Explore Acadia by Foot, Bike, and Bus

Car-free Itineraries to Explore the Park in a More Environmentally Friendly Way

Left: Two hikers walk the summit of Cadillac Mountain, viewed from the Cadillac South Ridge Trail. (Photo by Lily Regina/Friends of Acadia) Top right: Island Explorer provides park visitors free transportation throughout the park. (Photo by Joe Philipson/Friends of Acadia) Bottom right: Cyclists head towards the Jordan Pond Gate House on the carriage roads near Jordan Pond. (Lily LaRegina/Friends of Acadia)


The best way to appreciate Acadia National Park-its salty coastal breezes and ecological diversity-is outside of a car. Car-free exploration enables us to immerse ourselves in the park we love, and it’s a more environmentally friendly way to experience and steward the park.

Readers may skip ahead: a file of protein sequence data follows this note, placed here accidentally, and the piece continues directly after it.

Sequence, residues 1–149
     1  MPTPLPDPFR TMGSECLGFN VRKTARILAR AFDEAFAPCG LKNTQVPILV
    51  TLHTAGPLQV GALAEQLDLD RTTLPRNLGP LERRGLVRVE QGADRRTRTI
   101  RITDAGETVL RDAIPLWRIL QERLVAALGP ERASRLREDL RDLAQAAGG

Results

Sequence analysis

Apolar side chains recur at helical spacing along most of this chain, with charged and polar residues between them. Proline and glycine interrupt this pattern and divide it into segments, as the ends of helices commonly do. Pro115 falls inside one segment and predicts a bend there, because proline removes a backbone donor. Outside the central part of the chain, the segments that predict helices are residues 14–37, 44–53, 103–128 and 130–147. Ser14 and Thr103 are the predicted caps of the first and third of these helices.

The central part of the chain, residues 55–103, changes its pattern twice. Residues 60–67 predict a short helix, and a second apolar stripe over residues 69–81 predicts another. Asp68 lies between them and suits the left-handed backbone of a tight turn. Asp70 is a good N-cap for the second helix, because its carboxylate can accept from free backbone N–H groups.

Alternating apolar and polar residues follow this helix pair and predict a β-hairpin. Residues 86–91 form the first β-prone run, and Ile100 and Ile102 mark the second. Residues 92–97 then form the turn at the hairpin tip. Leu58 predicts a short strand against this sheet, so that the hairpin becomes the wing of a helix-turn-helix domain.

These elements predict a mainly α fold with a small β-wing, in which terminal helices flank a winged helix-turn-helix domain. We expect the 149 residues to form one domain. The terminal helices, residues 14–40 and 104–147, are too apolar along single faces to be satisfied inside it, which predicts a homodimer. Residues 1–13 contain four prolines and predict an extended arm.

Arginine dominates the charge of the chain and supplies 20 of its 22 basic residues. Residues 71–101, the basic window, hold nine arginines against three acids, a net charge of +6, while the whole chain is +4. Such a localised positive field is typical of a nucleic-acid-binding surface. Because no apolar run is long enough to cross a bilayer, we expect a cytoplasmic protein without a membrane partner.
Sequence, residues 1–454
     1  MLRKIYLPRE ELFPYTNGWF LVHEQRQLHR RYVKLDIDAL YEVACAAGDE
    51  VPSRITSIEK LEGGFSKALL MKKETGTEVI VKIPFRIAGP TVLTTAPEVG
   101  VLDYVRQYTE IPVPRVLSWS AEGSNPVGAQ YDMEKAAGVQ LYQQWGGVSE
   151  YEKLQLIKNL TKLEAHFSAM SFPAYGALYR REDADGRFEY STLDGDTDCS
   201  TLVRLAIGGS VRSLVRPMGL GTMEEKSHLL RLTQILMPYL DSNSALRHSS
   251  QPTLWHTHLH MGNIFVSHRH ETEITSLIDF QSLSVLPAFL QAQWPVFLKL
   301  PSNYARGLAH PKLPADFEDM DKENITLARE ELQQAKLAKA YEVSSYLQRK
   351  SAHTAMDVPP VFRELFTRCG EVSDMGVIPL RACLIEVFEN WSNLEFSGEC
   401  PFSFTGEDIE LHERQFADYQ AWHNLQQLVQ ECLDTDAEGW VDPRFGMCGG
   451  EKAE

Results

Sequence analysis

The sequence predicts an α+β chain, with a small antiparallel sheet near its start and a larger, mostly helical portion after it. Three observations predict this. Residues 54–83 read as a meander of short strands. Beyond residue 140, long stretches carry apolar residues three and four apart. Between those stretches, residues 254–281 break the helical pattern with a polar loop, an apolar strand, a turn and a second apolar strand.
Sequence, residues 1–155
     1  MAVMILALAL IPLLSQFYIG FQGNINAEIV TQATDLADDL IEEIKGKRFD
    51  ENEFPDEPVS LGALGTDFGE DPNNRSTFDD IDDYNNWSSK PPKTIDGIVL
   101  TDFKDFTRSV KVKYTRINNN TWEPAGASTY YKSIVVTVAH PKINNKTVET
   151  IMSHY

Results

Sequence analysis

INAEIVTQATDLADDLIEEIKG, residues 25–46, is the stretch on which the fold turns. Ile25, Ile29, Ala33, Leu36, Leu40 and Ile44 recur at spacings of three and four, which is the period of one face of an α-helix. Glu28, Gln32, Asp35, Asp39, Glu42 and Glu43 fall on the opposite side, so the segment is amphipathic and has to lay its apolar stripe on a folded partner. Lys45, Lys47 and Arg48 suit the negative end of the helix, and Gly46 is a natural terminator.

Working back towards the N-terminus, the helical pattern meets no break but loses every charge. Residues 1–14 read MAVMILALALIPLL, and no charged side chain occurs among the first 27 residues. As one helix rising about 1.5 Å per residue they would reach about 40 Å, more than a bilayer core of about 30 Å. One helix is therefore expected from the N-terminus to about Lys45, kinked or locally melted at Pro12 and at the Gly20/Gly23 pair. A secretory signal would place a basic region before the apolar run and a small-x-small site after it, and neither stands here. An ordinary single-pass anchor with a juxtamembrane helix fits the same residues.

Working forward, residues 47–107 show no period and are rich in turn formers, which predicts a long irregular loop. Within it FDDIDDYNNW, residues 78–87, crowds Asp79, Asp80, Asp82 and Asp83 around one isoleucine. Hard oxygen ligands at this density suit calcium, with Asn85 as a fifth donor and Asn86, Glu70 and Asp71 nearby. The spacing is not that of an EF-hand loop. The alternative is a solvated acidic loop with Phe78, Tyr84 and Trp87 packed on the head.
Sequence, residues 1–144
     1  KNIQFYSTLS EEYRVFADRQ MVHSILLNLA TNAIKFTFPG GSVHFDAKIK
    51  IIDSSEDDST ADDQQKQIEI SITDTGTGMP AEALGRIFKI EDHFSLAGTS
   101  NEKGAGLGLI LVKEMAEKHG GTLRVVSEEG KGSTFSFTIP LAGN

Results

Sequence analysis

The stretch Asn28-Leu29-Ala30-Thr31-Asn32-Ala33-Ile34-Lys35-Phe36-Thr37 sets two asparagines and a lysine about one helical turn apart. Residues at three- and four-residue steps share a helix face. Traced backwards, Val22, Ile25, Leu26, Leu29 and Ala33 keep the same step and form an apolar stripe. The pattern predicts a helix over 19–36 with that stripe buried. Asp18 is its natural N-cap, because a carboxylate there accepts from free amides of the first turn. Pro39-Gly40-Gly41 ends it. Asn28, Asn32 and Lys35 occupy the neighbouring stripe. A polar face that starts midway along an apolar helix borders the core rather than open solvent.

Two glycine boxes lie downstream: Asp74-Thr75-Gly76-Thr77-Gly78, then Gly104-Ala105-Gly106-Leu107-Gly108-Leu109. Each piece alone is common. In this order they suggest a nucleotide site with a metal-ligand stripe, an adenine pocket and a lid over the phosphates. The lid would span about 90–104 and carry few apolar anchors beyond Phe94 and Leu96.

With climate change challenging fragile park ecosystems, automobile traffic brings an additional burden. The exhaust expelled from visitors’ vehicles is the biggest factor in the park’s carbon footprint.

Record visitation is also putting added strain on park resources. Ninety-eight percent of visitors entering the park in 2021 were in a personal vehicle, up from 90 percent in the years before the pandemic. Last year, there were 210,000 more cars in the park than in 2019, and visitors tend to go to the same popular spots, like Jordan Pond House, Bass Harbor Head Light Station, and the Ocean Drive corridor. That added traffic means park staff must respond more often to daily congestion situations, visitor rescues, and other visitor assistance services.